Sodom, South Georgia by Iron & Wine

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Sodom, South Georgia by Iron & Wine

Unread postby musicmonkey » Tue Dec 18, 2007 6:29 pm

I just love this song and have been listening to a few covers of it on YouTube. I think my favourite cover is http://www.youtube.com/watch?v=VzDre4pYV0w. The whole dead white boys say 'God is good' has puzzled me for quite a few years. I've included some of the best explanations I've read at http://www.songmeanings.net/lyric.php?l ... 7858555069 following the lyrics:

Iron & Wine wrote:Papa died smiling
Wide as the ring of a bell
Gone all star white
Small as a wish in a well
And Sodom, South Georgia
Woke like a tree full of bees
Buried in Christmas
Bows and a blanket of weeds

Papa died Sunday and I understood
All dead white boys say, 'God is good'
White tongues hang out, 'God is good'

Papa died while my
Girl Lady Edith was born
Both heads fell like
Eyes on a crack in the door
And Sodom, South Georgia
Slept on an acre of bones
Slept through Christmas
Slept like a bucket of snow

Papa died Sunday and I understood
All dead white boys say, 'God is good'
White tongues hang out, 'God is good'


in his father's death the speaker in the song is given spiritual insight

Jabbertx at songmeanings.net wrote:I think this song's pretty straight forward--it's about the contrasts one faces in light of the death of a parent, particularly about spirituality and the mystery of existence. Contrast is a common tool Beam uses, and the one he builds in this song between the two extremes of the spiritual insights he confronts in the death of this person and the spiritual deadness of the living is central, I think, to interpreting it. I don’t think it’s so much about God, or specifically the Christian religion, as it is about the speaker in the song seeing something ineffable in the death of a parent and the birth of a child and contrasting that against the relative lack of spiritual insight people generally have.

The first stanza is delivered without bitterness—beautiful images in a way. Having seen a parent die of cancer, it evokes the terrible sadness, relief and awe of that event. The peacefulness of this person's death—a smile heard for miles—that's a great metaphor, and it speaks to the potential influence of this person on his community (and the potential impact of his death on the oblivious community).

The juxtaposition of death with Christmas and winter universalizes Beam's theme here. Sodom, of course, refers to one of the notorious “cities of the plain” from the book of Genesis, which were destroyed by two angels of God with fire and brimstone because of its denizens’ debauchery. In Genesis 18, God tells Abraham, “I have heard a great outcry from Sodom and Gomorrah, because their sin is so flagrant,” after which, Abraham bargains with God for the fate of the city, finally getting Him to agree not to destroy it if there are at least 10 good men residing there, which it turns out, there isn’t. The result is in Genesis 19: “The Lord rained down fire and burning sulfur from the sky on Sodom and Gomorrah. He utterly destroyed them, along with the other cities and villages of the plain, wiping out all the people and every bit of vegetation….. Abraham got up early that morning and hurried out to the place where he had stood in the Lord’s presence. He looked out across the plain toward Sodom and Gomorrah and watched as columns of smoke rose from the cities like smoke from a furnace.” So, Sodom, as a metaphor, represents a place that is godless in two states—first as a community that chooses this state, and then later as a literal hell, a desolate mass graveyard, when it experiences the fulfillment of that choice, or ultimate absence of God as an object of His wrath.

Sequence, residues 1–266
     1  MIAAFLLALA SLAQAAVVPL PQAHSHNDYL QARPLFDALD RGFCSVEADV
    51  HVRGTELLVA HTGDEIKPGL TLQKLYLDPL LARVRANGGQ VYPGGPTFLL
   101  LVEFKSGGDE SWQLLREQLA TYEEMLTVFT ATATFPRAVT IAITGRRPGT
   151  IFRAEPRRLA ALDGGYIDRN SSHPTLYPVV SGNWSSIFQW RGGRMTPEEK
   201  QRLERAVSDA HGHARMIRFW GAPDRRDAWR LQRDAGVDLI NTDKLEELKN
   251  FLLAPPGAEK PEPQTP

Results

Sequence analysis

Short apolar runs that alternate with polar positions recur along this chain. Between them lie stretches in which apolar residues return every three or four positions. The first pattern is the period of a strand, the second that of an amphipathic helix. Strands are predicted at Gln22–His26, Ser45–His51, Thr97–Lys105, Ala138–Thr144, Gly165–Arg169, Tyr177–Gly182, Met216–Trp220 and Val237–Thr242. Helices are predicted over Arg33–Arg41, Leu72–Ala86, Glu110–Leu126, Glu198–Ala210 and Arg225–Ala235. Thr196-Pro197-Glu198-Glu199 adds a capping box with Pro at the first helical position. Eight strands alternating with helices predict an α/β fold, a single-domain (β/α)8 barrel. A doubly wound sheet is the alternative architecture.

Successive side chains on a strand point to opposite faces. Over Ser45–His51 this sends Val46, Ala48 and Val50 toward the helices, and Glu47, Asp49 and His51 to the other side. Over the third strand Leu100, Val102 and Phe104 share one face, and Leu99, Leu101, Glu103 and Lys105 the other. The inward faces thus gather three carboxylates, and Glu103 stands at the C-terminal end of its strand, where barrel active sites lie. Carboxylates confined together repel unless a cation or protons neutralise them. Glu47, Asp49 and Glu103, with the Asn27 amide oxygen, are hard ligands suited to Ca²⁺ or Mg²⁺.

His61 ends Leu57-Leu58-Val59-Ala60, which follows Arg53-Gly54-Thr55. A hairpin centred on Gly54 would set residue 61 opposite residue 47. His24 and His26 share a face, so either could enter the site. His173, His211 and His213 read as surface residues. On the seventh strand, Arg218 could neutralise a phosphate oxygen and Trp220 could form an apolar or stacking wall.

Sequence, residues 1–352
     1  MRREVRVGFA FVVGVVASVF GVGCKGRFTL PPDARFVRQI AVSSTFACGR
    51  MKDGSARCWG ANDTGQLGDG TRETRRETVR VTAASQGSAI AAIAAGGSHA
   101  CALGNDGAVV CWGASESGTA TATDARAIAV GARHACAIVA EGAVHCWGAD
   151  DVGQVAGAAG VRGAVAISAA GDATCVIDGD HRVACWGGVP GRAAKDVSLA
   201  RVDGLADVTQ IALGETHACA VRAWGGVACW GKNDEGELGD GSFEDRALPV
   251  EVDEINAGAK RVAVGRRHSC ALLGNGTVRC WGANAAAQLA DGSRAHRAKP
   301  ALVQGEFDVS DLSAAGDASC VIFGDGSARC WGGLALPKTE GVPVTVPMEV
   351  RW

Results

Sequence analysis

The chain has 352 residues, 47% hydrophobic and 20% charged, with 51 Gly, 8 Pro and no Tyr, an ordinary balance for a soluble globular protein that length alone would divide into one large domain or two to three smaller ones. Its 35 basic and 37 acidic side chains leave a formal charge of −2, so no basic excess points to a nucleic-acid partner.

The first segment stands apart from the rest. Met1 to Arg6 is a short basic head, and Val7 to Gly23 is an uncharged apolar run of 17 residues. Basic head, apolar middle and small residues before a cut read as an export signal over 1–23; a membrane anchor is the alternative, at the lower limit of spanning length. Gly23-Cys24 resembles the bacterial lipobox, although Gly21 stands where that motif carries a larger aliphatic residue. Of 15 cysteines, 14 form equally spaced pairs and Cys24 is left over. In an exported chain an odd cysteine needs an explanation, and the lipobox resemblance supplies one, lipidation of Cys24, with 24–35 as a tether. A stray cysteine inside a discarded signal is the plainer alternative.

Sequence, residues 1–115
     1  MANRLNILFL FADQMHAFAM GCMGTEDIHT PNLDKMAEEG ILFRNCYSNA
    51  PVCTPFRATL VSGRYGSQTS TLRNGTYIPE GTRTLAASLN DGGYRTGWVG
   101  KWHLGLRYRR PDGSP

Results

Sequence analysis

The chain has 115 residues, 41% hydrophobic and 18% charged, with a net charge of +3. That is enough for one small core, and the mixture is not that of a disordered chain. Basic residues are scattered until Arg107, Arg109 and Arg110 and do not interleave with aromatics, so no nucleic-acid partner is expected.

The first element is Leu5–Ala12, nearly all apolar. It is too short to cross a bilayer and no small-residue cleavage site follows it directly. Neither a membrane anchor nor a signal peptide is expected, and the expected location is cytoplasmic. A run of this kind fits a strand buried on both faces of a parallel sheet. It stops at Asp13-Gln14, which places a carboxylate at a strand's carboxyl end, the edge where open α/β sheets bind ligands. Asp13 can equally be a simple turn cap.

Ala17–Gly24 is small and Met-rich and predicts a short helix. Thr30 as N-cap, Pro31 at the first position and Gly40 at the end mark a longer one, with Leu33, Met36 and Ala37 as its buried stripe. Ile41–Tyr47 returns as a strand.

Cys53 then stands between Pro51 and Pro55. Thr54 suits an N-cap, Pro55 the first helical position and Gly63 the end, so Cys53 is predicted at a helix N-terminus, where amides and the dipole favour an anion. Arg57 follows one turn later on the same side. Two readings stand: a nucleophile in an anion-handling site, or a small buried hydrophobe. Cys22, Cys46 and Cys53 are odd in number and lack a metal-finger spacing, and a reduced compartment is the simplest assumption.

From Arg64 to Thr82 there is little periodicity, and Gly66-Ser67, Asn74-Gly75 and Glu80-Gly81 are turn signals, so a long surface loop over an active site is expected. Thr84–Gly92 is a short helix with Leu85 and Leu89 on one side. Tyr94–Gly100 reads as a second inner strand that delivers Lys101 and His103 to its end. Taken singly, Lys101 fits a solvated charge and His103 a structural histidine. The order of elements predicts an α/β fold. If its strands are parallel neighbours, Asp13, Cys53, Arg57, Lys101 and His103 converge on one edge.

I think the point of the title is to universalize the theme—perhaps the real event was in south Georgia, but as "Sodom," it could be any town—the point is not the “place” so much as the people who make up the town (a collective, like “a tree full of bees), and the dead, frozen terrain is a metaphor for their spiritual deadness. It is also an ironic image because it doesn’t snow in South Georgia, but this only serves to universalize the image even further and offers another contrast, this time against the firey fate of the historical Sodom. As such, the metaphor simply serves to contrast the reality of human disconnection with experience against the now “holy” status of the dead man, or the awe of death and the possibility of heaven; after all, he's "Gone all star white," which on the simplest level is a description of his age (white hair) and the pale complexion of the dead. But it also suggests this holiness—like an angelic being—and the common idea of the dead person moving toward a bright light, moving in the direction of heaven. Nonetheless, this is not necessarily because “Papa” was any better than anyone else when he lived. Perhaps he was, but that isn’t the point—it is his death that makes him this way because it is in his death that the speaker in the song is given spiritual insight.